Stories from 6 June 2012
Rita Banerji opines that the main reason for the recent grueling summers in the cities is that more and more trees are being cut down.
Saad Hirani sheds a light on the population explosion in Pakistan and the bleak future it shows with depleting resources.
Five girls are reported to have been killed in Kohistan, Pakistan, for dancing and listening to music in the presence of boys at a marriage celebration after being convicted by a jirga tribal court.
Several bloggers and LensIran site talk about considerable number of Iranians who observed the moon from their roof tops to watch Pepsi-Cola commercial on the moon !! published by a news agency ISNA , apparently extracted from a bogus email on Tuesday 6 June.
Bahraini Twitter user Mohammed Hasan (@Safybh) says he was called for questioning by the Bahrain Intelligence Agency yesterday (June 5). “After my tweet appeared on @ajstream I received an order to go to the #Bahrain intelligence agency today #AJStream,” he reports on Twitter. Al Jazeera Stream is a programme on...
The year 2012 has particularly been a bad year for Bangladeshi journalists. A number of them were subjected to police brutality while on duty, violently assaulted and even murdered by miscreants. The netizens have joined the journalists in protest.
“My father [Human Rights Defender] Nabeel Rajab is arrested again #Bahrain @NABEELRAJAB,” tweets Adam Nabeel Rajab from Bahrain. The activist is being detained for seven days pending investigation over comments he published on Twitter.
Yemeni netizens are enraged by Sheikh Hamid Al-Ahmar, a member of Al Islah’s political leadership, who allegedly made an offensive statement regarding Yemeni revolutionary women to the New York Times. On Twitter, the battle rages as the Sheikh denies he made the comments and the newspaper is yet to show proof of what it says he said.
Internet users in Tajikistan can now get free legal consultation online. A Tajik NGO has trained [ru] a group of lawyers in running personal blogs through which they provide legal advice to anyone in the country.
I Paid a Bribe is an initiative of Kenyan anti-corruption activists fighting corruption in Kenya using the new technologies. I Paid a Bribe, modeled after India's anti-corruption portal (IPAB), is a partnership between IPAB and Wamani Trust of Kenya to bring IPAB to East and Central Africa.
The Honduras Human Rights Delegation of May 2012 is “a delegation of academics, human rights and labor activists, Canadian and U.S. citizens, many with extensive experience in Honduras, organized by U.S. and Canadian-based human rights groups Rights Action and Alliance for Global Justice.” The delegation visited Honduras from May 19-28,...
The bailout of Bankia could cost 23,000 million euros but the governing politicians and the managers of Bankia do not seem interested in holding those responsible accountable. In the face of this, the Spanish people have taken matters into their own hands. Since the crisis began, popular initiatives have flourished both digitally and on the streets.
It has been one year since the murder of Martin Neshkovski by Prime Minister's bodyguard during the post-election celebration on June 6, 2011. The authorities’ attempts to cover up the murder sparked the 2011 protests against police brutality. To commemorate [mk], activists lit candles on the crime scene in the...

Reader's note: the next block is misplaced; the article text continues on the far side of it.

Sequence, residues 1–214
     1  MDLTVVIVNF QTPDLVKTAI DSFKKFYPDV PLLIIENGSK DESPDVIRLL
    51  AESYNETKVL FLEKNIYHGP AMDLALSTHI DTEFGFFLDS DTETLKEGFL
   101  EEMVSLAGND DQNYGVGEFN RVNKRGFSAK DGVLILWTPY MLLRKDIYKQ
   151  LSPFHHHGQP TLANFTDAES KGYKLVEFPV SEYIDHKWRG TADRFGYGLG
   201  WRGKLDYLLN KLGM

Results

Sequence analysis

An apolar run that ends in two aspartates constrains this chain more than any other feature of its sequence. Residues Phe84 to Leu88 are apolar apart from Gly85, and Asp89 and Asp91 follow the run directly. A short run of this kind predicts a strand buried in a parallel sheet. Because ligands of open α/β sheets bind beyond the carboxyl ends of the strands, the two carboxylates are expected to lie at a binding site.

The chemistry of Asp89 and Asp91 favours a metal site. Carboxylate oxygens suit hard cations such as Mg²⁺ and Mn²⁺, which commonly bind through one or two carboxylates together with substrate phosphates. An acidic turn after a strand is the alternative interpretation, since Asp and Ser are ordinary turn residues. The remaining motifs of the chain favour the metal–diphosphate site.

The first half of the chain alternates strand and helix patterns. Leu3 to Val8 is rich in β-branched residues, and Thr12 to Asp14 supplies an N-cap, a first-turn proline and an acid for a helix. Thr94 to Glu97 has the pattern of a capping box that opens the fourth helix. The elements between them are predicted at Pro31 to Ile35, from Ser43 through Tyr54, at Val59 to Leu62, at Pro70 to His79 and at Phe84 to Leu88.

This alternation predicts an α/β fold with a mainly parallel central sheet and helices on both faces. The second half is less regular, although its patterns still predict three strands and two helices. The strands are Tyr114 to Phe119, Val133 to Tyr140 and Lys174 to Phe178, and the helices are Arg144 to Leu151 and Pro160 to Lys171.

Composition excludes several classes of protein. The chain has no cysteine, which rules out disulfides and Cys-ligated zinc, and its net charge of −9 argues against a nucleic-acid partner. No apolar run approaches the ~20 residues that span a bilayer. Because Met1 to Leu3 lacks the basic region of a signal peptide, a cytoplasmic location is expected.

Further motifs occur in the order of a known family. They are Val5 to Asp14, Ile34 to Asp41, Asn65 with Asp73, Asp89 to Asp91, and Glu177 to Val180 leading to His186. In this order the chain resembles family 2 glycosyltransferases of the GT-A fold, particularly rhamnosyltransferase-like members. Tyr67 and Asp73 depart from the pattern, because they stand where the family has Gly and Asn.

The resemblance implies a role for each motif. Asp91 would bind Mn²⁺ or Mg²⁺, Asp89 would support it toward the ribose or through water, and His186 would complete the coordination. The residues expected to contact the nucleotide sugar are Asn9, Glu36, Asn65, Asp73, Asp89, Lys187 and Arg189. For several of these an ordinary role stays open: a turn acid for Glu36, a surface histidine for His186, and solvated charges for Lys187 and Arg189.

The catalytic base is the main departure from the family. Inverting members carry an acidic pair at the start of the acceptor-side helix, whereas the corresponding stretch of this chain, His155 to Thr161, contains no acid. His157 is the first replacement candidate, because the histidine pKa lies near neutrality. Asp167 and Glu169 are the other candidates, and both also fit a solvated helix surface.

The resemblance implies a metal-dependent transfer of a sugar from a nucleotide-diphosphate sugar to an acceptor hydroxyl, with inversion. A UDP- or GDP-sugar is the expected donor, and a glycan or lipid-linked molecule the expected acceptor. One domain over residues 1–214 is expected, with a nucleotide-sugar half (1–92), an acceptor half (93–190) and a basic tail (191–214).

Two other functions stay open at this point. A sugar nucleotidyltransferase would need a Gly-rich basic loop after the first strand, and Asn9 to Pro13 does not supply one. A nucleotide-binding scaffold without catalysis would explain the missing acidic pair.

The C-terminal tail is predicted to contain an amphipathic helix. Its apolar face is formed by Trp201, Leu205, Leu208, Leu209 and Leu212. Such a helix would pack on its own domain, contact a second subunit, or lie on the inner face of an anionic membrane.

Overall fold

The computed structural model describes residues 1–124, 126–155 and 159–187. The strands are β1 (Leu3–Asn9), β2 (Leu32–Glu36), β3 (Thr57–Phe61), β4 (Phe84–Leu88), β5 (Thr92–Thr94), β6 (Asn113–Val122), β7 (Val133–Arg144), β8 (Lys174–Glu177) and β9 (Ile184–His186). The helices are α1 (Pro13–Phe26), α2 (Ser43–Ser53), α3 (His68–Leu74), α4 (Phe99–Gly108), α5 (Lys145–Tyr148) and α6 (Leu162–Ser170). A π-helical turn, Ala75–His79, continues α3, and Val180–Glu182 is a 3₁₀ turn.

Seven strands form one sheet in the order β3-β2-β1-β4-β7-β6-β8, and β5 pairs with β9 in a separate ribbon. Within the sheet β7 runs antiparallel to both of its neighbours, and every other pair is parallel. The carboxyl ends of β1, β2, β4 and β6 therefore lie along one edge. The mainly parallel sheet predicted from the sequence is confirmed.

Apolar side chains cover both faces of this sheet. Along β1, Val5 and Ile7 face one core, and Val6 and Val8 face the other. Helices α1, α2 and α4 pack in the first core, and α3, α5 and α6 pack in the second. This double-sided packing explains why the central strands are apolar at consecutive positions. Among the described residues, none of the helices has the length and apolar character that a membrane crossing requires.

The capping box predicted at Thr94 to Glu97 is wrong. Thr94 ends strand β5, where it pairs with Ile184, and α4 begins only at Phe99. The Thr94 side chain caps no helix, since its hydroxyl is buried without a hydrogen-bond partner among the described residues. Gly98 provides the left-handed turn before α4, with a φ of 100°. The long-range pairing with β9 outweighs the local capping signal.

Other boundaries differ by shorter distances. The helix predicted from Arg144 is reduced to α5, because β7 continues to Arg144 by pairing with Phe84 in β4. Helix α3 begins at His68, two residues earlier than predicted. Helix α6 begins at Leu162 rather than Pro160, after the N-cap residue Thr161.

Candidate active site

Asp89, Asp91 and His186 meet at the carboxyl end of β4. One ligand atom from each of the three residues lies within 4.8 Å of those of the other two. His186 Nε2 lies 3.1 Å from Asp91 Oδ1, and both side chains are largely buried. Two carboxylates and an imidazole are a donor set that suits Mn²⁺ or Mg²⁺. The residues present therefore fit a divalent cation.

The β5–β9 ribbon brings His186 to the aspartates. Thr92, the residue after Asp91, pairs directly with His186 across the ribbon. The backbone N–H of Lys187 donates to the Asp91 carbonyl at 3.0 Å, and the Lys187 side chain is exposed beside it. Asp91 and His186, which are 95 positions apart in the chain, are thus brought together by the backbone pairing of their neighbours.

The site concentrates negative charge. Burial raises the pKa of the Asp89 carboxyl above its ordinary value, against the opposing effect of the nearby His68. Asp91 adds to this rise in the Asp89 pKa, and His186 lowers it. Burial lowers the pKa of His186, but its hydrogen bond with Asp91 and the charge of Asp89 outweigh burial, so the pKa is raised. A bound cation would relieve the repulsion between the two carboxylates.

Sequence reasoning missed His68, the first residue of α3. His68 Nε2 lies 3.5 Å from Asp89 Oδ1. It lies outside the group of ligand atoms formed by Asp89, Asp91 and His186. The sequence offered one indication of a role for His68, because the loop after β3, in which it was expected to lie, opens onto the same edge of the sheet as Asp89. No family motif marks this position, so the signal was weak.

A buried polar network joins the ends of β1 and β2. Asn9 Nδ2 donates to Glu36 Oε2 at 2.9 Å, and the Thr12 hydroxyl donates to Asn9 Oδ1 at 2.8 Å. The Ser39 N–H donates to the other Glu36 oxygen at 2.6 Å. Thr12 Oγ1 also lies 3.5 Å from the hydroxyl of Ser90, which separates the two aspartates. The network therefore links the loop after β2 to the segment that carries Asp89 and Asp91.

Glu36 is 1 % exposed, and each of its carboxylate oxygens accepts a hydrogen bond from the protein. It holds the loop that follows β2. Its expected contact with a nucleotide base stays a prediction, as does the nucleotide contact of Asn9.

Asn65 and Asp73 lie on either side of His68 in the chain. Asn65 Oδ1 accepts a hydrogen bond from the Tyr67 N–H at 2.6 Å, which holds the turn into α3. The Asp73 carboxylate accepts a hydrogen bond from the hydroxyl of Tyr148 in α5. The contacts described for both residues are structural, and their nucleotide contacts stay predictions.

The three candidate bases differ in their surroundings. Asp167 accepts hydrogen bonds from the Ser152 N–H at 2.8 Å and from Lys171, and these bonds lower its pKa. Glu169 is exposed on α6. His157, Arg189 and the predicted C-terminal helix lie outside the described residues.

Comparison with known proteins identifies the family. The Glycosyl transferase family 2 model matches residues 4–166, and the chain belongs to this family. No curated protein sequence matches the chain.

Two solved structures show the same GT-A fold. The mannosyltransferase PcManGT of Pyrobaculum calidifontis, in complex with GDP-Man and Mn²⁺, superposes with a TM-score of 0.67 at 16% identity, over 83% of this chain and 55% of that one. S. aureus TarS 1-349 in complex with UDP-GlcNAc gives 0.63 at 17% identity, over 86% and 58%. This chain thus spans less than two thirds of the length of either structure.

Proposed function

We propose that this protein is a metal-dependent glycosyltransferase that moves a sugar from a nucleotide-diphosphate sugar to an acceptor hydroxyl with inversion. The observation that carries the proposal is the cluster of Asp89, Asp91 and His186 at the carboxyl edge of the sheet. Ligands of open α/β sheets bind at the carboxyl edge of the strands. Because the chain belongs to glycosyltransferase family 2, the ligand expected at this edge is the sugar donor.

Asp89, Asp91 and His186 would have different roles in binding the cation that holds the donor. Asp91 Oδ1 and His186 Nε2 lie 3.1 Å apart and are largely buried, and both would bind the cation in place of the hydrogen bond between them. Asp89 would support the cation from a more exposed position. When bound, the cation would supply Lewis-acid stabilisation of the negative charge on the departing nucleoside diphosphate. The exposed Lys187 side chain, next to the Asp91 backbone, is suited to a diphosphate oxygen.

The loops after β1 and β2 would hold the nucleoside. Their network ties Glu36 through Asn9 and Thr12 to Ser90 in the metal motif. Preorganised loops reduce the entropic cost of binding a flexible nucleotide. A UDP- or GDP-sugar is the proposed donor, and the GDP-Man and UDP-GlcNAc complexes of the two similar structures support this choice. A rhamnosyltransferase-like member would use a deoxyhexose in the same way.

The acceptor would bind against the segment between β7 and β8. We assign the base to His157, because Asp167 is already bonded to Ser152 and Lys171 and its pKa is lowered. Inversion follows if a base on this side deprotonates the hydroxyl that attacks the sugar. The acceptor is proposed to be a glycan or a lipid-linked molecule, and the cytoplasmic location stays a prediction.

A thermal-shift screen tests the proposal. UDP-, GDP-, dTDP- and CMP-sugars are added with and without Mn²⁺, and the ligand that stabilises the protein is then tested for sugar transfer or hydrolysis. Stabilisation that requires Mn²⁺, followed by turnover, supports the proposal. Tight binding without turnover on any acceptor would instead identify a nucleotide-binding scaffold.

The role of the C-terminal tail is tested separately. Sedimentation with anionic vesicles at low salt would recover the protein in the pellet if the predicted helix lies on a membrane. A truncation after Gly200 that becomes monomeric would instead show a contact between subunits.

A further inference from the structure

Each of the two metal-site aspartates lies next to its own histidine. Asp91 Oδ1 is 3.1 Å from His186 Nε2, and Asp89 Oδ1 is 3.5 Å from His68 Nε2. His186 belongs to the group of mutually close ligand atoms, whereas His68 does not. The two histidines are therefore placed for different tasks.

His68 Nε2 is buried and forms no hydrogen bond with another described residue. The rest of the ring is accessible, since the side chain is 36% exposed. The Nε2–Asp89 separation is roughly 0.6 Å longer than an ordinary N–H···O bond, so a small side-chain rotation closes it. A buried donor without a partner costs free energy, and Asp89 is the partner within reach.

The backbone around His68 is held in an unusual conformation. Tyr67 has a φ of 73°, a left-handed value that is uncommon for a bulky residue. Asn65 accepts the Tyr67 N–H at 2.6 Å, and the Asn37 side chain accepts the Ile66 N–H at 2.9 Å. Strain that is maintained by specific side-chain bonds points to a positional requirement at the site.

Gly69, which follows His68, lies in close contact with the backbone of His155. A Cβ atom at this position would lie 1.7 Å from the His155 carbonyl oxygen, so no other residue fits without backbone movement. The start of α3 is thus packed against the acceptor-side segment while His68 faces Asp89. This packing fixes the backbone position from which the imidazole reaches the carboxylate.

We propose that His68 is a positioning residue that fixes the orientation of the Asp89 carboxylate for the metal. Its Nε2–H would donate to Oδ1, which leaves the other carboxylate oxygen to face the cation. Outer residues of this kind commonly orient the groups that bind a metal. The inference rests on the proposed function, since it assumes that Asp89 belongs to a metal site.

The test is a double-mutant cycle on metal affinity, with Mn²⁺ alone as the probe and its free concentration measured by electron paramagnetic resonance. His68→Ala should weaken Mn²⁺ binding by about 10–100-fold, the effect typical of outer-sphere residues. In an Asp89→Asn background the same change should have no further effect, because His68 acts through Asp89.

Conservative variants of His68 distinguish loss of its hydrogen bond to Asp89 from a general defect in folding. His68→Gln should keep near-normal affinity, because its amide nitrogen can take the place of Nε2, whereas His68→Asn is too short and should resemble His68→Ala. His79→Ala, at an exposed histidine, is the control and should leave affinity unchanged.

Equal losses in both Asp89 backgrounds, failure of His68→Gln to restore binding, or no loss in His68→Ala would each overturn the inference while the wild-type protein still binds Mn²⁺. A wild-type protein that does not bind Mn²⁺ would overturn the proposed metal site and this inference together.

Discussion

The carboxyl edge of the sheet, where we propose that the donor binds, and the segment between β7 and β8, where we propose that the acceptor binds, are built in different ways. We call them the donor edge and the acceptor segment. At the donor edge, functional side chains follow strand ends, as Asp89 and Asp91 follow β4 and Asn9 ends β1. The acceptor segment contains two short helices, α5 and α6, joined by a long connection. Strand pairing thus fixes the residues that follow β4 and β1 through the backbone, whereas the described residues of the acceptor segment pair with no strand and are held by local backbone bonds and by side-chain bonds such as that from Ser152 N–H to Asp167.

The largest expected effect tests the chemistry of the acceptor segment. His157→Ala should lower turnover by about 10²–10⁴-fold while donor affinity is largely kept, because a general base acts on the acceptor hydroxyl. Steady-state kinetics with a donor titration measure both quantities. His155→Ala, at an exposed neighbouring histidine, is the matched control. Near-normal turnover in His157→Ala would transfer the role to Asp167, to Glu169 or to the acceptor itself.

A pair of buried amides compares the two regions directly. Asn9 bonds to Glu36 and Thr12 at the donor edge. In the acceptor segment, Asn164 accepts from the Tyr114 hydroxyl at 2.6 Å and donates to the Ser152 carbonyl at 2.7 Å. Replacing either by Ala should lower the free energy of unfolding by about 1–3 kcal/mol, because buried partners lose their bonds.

Ocas Magazine, handed out on the streets of São Paulo and Rio de Janeiro since 2002, is one such publication that contains information that sets it apart from the mainstream press in Brazil. But it goes even further than that. It also provides a new start and work opportunities for the homeless and people who are at social risk.
While more than 180,000 people attended the annual candlelight vigil on June 4, in Hong Kong for China's June 4th incident (Tiananmen Square protests), exiled former student leader Chai Ling wrote that she has forgiven the murderers of the massacre. Her comments have stirred up a lot of debate.
Increases in the price of maize, a staple food of Zambia, has previously led citizens to riot and even stage a government coup. Despite warnings from the World Bank that it will damage the agriculture sector, Zambian leaders continue to fix the floor price.
Saudi blogger Eman Al Najfan shares her thoughts on Manal Al Sharif, a women's rights activist, in this post. “[I]n Saudi, there are many women and men who oppose how women are treated in Saudi, but rarely do you find someone who’s willing to come out in public and state...
On its Facebook page, the Human Rights Information Center posted a photo report [uk] on the demolition of a Roma camp in Kyiv, which was home to some 70 people, most of them children, until May 31, when 15 men showed up and burned the camp down, ordering the residents...
In Kenya, city dwellers are learning different techniques to grow food for consumption and sale even in reduced spaces. For people with low or no income, urban gardening may be the key to food security. These videos show how food can be grown in containers and using limited space and resources.
Although a ban on education for girls and women in Afghanistan was lifted after the fall of the Taliban in 2001, female students continue being targeted by fundamentalists for attending school. In a recent string of attacks in the northeastern Afghan province of Takhar, hundreds of girls were poisoned at their schools.